Even after I found a job and a place of my own to live, things stayed survival oriented and chaotic for several more years: An eccentric landlady who communicated badly and had double standards for what she expected of me vs. herself; a brief but intense romantic relationship that thoroughly broke my heart when it ended; escaping the weird landlady and moving in with four people I didn’t know who were all somewhat dysfunctional and hard to interact with; losing my job and finding a new one that paid me illegally low wages and worked me so hard I had a nervous break down after five months. I turned 20 in 2009 and my life didn’t really stabilize until the end of 2011.

Imagining meeting myself at this point in my life, when I had recently enacted dramatic life shifts that were a partial catalyst for everything that was to come, knowing now that at that moment I was on the precipice of so much change, it gives me particularly powerful perspective on what I’ve learned in the past 10 years. If I were to speak to my Just-turning-20-self, this is what I would say.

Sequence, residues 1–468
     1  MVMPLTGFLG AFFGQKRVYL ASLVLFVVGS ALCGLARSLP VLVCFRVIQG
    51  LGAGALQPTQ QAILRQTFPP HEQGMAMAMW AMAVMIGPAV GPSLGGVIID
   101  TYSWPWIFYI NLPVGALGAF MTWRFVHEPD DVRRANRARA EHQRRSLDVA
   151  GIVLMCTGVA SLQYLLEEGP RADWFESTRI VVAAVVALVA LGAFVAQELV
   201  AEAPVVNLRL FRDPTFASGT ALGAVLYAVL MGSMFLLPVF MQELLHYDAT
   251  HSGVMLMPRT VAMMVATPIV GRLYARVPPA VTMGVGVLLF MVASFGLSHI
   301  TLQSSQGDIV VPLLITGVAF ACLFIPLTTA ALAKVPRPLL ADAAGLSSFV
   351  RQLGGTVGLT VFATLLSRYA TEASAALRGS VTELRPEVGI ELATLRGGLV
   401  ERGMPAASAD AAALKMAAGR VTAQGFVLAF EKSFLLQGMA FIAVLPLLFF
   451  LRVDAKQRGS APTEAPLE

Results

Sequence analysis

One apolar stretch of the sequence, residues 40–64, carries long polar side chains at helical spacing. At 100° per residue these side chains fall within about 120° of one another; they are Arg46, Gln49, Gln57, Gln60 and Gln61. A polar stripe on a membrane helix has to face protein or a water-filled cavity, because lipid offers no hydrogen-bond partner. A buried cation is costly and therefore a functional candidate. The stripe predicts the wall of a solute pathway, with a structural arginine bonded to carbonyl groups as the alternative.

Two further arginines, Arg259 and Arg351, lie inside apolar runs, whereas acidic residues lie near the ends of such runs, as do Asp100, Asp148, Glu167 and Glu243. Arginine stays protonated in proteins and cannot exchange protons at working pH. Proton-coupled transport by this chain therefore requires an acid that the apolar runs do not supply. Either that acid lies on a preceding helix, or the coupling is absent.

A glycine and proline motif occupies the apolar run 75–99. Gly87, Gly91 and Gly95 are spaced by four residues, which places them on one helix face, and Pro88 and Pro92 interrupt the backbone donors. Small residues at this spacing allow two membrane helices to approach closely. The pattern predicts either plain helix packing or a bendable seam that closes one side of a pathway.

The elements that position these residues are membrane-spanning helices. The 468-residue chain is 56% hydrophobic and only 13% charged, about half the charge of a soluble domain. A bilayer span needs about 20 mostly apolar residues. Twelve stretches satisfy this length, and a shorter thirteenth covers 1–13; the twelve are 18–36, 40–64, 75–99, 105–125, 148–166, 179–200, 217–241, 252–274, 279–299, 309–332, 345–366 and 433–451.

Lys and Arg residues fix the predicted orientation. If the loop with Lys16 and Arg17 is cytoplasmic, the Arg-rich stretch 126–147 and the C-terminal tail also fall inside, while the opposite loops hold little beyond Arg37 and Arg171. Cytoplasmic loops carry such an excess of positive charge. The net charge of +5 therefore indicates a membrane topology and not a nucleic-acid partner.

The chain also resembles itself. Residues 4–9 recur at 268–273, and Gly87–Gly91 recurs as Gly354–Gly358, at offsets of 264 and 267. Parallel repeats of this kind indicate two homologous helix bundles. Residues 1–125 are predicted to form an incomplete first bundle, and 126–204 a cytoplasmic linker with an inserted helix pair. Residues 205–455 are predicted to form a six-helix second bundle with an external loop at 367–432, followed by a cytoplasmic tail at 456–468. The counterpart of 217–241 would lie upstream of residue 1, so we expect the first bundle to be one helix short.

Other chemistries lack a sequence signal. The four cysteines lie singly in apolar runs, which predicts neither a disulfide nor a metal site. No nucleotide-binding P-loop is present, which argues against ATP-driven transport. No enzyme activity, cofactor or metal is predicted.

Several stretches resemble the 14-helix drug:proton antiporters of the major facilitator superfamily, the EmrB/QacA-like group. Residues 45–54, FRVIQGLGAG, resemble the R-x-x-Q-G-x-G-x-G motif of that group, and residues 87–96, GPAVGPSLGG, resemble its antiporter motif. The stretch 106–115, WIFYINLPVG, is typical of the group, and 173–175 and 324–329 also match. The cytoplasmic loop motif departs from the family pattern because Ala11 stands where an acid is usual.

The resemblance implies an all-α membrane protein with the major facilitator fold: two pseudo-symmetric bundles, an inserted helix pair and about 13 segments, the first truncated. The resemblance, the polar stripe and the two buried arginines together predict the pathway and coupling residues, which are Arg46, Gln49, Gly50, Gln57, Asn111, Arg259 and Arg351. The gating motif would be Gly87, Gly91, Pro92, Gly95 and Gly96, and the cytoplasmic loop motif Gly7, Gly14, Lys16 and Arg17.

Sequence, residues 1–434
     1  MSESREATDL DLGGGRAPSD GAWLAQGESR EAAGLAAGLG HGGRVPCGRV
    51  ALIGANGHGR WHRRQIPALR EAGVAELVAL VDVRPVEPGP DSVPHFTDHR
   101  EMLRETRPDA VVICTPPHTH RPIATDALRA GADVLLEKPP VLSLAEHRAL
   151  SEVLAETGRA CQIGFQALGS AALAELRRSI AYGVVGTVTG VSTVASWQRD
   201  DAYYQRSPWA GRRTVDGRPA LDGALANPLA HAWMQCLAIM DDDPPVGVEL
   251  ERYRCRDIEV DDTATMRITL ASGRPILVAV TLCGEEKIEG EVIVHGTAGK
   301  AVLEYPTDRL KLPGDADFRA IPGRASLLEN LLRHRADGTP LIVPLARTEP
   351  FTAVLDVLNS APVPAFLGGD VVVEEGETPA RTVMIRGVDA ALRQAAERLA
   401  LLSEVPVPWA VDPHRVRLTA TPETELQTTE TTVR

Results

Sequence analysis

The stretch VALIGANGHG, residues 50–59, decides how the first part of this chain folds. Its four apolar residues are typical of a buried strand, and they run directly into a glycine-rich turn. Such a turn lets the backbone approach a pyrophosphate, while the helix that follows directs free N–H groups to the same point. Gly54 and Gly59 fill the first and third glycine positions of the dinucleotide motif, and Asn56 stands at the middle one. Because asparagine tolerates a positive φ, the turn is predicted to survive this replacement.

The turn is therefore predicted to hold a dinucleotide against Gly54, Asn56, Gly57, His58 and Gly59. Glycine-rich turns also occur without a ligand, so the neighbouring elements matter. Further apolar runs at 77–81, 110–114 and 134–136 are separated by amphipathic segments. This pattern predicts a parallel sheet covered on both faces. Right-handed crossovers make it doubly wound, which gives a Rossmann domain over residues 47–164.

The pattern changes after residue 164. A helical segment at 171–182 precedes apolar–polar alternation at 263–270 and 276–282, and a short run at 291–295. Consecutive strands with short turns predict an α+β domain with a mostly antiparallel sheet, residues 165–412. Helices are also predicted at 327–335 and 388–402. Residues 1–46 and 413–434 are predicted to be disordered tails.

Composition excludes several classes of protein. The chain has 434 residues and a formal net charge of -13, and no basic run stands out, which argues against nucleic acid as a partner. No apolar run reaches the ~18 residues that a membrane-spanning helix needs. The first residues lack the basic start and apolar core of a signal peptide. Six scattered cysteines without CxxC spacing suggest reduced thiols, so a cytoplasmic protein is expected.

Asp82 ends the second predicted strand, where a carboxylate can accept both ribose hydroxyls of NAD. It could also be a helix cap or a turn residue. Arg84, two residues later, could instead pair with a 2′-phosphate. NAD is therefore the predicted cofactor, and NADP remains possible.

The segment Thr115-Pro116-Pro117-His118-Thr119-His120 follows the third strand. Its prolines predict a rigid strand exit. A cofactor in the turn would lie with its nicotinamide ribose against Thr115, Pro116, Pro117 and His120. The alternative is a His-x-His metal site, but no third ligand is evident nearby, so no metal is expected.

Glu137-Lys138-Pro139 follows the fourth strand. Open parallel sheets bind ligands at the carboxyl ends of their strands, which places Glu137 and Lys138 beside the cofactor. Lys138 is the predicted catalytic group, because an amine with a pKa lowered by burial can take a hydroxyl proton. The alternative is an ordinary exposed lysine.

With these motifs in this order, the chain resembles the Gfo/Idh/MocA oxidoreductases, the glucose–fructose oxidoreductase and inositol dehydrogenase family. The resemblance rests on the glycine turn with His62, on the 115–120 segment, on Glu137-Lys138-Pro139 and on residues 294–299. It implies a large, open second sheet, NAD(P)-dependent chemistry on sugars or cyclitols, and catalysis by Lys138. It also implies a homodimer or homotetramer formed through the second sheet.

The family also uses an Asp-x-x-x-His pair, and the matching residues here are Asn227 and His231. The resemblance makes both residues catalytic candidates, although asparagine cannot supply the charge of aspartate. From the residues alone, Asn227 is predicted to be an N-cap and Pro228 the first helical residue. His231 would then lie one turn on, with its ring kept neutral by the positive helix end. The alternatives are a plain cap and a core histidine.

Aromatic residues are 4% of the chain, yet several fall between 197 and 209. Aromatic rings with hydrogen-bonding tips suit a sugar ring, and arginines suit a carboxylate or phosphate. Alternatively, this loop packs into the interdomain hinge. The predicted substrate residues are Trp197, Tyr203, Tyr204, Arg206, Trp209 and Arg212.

A background split down the center, one half is salmon pink, the other is muted teal. There is an off white alarm clock positioned directly in the center, the hands pointing to 7:00.

Dear me ten years ago,

So, you’re about to turn 20. You’re enjoying your last few months of living in your first apartment with a close friend. Your trauma processing has settled a little bit, at least away from daily life-shattering realizations, and moved closer to the long slow healing part. Your romantic relationship is still pretty rough but you have hope that it will improve. You have a job that you like that pays pretty well and still leaves you plenty of time to do what you want to do (are you writing? You should do more of that.)

You feel like you’re starting to get a handle on life. This last year was so life-changing. You broke up with your deadbeat boyfriend and started dating someone new and exciting. You moved out of your parent’s house into your first apartment. You started college. Normal young adult stuff.